Tama City is the first city in Japan – and probably the world – to witness an "AI candidate" join the fray for its mayoral election. The really strange part is that this is the second time this has taken place in this very same city.
The actual mayoral candidate is the very human Michito Matsuda. After all, the laws of Japan very sensibly do not allow artificial intelligence or robots to run for important positions in the government, no matter how capable they are. But Matsuda has promised to follow the decisions made by the AI-driven robot avatar on whose behalf he is running. He claimed he would rely on this artificial intelligence to run Tama City as efficiently as possible. (Related: Japanese researchers create mind-reading A.I. that can transcribe a person’s thoughts.)
The AI candidate is running under the slogan "Artificial intelligence will change Tama city." As seen on campaign posters, the silver-skinned gynoid sticks out like a sore thumb among its suit-wearing human competition.
It is, however, restricted to using the same techniques as its human opponents. So it sends out campaign trucks– which have human drivers instead of being driver-less vehicles – that hawk its political platform and promises via loudspeakers.
Matsuda runs his Twitter account in character as the AI candidate. He claims that this will be the first time an artificial intelligence will participate in an election, and adds that the robot will deliver fair and effective leadership to Tama City.
According to Express, if elected as mayor, the AI will supposedly study petitions that have been forwarded to the city council. It would reportedly calculate the advantages and disadvantages of a petition, as well as provide hard statistics on their effect. Furthermore, it also promised to listen to the feedback and suggestions of Tama City residents so that it could come upon the most effective way of implementing them. Last but not least, it is supposed to be able to devise a compromise between feuding residents.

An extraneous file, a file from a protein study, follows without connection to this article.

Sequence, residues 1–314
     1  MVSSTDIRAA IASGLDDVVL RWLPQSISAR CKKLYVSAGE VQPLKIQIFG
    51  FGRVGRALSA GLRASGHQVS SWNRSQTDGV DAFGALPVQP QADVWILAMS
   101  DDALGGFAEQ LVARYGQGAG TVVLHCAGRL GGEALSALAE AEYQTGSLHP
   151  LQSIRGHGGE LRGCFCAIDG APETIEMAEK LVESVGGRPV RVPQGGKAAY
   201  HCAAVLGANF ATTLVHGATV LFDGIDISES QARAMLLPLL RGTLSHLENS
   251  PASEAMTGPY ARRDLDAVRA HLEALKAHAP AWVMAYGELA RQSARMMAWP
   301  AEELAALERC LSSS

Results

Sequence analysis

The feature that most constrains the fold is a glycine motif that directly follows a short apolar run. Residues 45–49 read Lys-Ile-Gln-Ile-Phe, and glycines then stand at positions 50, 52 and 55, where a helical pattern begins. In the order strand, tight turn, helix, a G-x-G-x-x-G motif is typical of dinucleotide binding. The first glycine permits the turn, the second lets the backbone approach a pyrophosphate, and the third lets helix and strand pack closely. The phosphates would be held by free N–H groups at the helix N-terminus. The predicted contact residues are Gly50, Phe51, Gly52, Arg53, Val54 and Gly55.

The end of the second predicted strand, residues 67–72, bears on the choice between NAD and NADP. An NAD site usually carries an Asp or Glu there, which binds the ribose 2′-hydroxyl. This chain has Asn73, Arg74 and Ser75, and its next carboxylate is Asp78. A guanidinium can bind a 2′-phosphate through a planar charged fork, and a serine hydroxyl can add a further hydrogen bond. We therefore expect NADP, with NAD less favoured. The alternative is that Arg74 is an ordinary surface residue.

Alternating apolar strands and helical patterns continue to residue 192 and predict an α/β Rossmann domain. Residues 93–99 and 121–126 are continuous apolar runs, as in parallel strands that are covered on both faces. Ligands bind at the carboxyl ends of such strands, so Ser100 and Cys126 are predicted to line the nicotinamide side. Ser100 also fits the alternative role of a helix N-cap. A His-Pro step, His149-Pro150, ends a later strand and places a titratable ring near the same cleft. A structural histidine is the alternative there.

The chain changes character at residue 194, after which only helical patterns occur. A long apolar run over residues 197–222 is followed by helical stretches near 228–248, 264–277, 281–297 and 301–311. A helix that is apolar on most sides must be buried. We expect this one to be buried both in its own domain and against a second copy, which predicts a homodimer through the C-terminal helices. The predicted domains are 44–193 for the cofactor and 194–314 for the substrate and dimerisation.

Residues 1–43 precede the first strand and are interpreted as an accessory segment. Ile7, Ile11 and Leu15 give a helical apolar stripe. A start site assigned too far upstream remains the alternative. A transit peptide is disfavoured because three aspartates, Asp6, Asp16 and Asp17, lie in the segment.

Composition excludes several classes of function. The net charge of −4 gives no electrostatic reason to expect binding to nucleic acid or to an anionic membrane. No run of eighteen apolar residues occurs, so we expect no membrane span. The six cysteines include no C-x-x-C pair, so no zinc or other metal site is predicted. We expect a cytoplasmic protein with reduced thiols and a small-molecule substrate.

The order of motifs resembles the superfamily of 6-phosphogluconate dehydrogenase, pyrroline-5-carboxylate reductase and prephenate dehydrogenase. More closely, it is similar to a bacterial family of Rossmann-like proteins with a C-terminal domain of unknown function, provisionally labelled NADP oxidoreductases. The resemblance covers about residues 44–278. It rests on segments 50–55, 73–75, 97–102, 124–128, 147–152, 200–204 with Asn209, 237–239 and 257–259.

Japanese social media is divided about Matsuda's campaign. There are those who make fun of the AI candidate as a mere stunt, and they point out that the human is the one getting elected as mayor. Others are willing to give the idea of an AI mayor a shot, though.
This is not Matsuda's first rodeo at using artificial intelligence and robotics to promote his run for the mayoral office. He tried much the same campaign in 2014, but lost to a human opponent. However, every vote in his favor shows the willingness of the Japanese people to accept an actual AI in their government.
Find out how actual AI are hijacking important parts of our society at Robots.news.